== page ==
Emergency help during flood or storms
For Emily, her volunteering journey began shortly after the infamous 19-20 bushfire season.
Volunteering has always been something that has been very important to Emily. Being a teacher and an avid volunteer in sporting events and local running groups, Emily knows well the profound impact that volunteers can and do have on the Canberra community.
So, when fires ravaged major parts of the country in 2019-2020 she felt helpless and wanted to provide support where possible. Being at the stage of her life where her children were a little bit older, when she found out the ACT Rural Fire Service (ACTRFS) were recruiting, she couldn’t put her hand up fast enough. Being a firefighter was always something that she had wanted to do.
In her role as a volunteer with the ACTRFS Emily completes a range of tasks and although she hasn’t been to an active fire yet, she has been very involved and busy over the last three years.
When she first started volunteering in 2020 as part of the COVID-19 response she would deliver food to those who needed it. When the pandemic calmed down she started to get herself involved in more community engagement activities such as volunteering at school fairs, showcasing what ACTRFS do and showing off their ‘really cool’ fire trucks.
She also regularly assists with Hazard Reduction burns across the capital. Hazard reduction burns are an important land management technique that may be undertaken for a variety of purposes, including to reduce fuel loads and protect infrastructure, or for ecological or cultural reasons.
Emily and her team also regularly take part in training and fire simulations so if there is a fire that she does have to assist with, she is ready to go straight into action.
However, Emily’s favourite thing about being a volunteer is the community engagement. As a school teacher she is a very community minded person and loves every opportunity to educate others on what she does.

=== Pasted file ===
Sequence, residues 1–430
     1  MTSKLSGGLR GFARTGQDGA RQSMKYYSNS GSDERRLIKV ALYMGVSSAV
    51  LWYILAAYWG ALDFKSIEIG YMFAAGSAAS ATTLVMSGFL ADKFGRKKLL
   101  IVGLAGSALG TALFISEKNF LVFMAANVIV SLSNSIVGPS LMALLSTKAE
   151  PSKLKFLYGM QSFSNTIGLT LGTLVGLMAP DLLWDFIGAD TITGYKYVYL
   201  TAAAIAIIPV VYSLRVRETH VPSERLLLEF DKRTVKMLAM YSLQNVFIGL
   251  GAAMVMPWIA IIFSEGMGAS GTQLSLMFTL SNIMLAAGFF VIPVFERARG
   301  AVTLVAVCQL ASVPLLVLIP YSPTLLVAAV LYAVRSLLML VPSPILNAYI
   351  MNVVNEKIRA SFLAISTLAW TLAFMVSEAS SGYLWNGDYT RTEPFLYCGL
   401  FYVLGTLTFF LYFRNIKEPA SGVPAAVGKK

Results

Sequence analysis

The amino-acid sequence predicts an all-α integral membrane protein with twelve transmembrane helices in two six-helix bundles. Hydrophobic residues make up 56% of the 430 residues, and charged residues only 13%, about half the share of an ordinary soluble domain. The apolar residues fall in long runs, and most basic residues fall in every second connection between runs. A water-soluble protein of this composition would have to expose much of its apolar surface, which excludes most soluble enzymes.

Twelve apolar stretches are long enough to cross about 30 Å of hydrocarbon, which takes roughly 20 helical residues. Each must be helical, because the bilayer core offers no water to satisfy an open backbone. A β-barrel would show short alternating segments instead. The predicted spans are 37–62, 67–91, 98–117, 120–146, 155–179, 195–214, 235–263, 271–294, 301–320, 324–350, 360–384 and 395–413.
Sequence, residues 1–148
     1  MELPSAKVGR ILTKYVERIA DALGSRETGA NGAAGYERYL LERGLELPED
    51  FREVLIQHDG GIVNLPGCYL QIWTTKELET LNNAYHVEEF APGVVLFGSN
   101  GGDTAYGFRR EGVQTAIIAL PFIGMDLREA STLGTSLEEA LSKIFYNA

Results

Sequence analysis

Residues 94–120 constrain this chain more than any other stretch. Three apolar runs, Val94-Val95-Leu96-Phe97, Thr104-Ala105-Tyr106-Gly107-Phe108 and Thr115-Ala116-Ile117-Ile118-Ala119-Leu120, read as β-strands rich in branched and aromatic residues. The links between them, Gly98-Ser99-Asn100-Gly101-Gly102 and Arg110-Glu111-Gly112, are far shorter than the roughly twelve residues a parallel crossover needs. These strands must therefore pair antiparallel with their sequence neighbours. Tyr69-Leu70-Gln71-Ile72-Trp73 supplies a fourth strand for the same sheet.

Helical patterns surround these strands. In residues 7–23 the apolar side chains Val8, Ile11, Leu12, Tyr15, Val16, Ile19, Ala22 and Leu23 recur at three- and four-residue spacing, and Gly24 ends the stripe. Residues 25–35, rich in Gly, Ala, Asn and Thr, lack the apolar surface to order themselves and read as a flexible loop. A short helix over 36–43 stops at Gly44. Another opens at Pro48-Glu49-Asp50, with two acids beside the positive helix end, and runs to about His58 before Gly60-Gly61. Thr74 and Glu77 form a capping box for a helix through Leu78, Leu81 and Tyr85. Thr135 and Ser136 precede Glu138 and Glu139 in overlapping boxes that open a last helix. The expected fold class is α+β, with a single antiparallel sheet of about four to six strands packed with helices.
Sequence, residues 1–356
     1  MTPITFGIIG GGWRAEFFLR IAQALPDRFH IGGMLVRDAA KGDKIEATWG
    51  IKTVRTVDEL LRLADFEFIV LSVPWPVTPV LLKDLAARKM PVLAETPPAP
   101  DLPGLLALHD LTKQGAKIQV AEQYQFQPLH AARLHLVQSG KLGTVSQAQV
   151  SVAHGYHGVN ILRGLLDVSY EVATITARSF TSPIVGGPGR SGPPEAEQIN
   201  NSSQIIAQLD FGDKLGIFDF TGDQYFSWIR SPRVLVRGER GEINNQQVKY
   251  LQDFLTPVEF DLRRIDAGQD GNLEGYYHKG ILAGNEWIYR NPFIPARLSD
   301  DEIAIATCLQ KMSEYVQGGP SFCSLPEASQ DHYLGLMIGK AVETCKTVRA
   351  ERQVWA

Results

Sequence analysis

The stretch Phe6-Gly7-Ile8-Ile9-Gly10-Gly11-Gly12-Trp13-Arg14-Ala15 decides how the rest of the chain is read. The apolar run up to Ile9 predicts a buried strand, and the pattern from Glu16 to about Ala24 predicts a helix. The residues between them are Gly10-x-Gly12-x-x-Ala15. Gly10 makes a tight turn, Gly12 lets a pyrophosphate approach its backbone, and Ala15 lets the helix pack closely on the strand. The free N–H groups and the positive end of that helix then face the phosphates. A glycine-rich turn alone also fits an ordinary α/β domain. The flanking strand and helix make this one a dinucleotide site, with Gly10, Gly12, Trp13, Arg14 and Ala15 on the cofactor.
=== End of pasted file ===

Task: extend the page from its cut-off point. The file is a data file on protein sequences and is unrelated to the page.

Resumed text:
For example, sometimes when she leaves class her students will ask “why are you dressed as a firefighter” and she proudly responds, “because I am one”, and that sparks a conversation about why she volunteers with the fire service or a chat about fire safety, and is an opportunity for her to share the message and the work of the ACTRFS.
Emily says one of the best things about being a member of the ACTRFS is learning skills that are transferable to other areas of both her professional and personal life. For example, in her role as a teacher, thanks to the ACTRFS she is now able to lead groups through emergency situations in a more logical and calm manner as she can now understand how to better help emergency services as a member of the public, particularly a member with the responsibility of large groups of children.
When it comes to balancing her professional and personal life with her time volunteering with the ACTRFS, Emily says that for her this is not an issue. She is lucky that as a teacher she doesn’t work school holidays, which is generally when things are busy for the ACTRFS. She also has a very supportive husband who has always encouraged her to follow her passion and dreams from day one.
Emily doesn’t see herself stopping being a volunteer anytime soon. It is something that is a part of who she is, she has always wanted to help others.
If you are thinking about becoming a volunteer, particularly with the ACTRFS, Emily encourages you to give it a go.
“I would encourage people to join the ACTRFS or any of the other emergency services. There is a role for everyone. If you're not necessarily super active or you don’t want to be on the ‘front line,’ there are plenty of other things that need to be done, that need support and are very important.” - says Emily.
Being a member of the ACTRFS for Emily is like being a part of a family and is really fulfilling a lifelong dream of hers.
On behalf of the ACTRFS and the ACT Emergency Services Agency, we want to thank Emily for being a part of our emergency services family and for her continued support and commitment to the service.